-- Robert Preidt
WEDNESDAY, Aug. 21 (HealthDay News) -- Alcoholism and certain
types of eating disorders share common genetic risk factors,
according to a new study.
Researchers looked at nearly 6,000 adult fraternal and identical
twins in Australia. Of those, nearly 25 percent of men and 6
percent of women were alcoholics, nearly 11 percent of men and 13
percent of women reported binge eating, and about 14 percent of
women reported purging tactics such as self-induced vomiting or
Genes appeared to account for 38 percent to 53 percent of the
risk of developing these conditions, and some of the same genetic
risk factors that make people susceptible to alcoholism also make
them vulnerable to binge eating or purging, according to the study
in the September issue of the
Journal of Studies on Alcohol and Drugs.
The findings support "the idea that there are common genetic
factors contributing to alcohol dependence and these eating
disorder symptoms," lead researcher Melissa Munn-Chernoff, of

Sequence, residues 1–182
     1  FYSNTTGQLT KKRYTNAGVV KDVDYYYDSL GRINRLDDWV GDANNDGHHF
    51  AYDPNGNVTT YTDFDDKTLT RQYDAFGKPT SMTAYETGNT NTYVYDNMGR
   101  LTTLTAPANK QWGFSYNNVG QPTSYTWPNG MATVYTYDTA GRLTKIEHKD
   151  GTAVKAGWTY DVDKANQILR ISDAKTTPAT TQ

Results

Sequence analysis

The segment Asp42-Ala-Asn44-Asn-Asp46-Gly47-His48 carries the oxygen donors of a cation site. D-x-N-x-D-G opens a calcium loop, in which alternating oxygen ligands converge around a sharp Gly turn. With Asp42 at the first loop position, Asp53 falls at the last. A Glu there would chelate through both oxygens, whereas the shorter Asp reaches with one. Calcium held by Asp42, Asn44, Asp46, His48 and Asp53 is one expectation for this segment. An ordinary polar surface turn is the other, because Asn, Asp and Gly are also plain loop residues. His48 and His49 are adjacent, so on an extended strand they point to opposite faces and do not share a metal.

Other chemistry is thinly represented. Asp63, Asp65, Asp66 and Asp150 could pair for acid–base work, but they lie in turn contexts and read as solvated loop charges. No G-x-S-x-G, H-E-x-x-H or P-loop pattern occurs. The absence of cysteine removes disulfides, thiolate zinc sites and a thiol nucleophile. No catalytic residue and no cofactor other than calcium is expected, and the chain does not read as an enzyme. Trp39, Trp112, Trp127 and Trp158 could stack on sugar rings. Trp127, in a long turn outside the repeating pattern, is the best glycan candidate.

Washington University School of Medicine in St. Louis, said in a
journal news release.
Learning more about genetic and other risk factors may lead to
better treatments for these disorders, she noted.
Previous studies found that women who binge eat or purge have
higher-than-average rates of alcohol use disorders, but it wasn't
clear if the disorders had genetic risk factors in common. While
this new study indicates that this is the case, it's not clear
exactly which genes are involved.
"We need to be aware that these problems can occur together, in both men and women," Munn-Chernoff said.
She suggested that when doctors see patients with a drinking
problem, they may want to ask about binge eating and purging
symptoms, or vice versa. Currently, that is something that is not
The U.S. National Institute of Mental Health has more about
Please be aware that this information is provided to supplement the care provided by your physician. It is neither intended nor implied to be a substitute for professional medical advice. CALL YOUR HEALTHCARE PROVIDER IMMEDIATELY IF YOU THINK YOU MAY HAVE A MEDICAL EMERGENCY. Always seek the advice of your physician or other qualified health provider prior to starting any new treatment or with any questions you may have regarding a medical condition.
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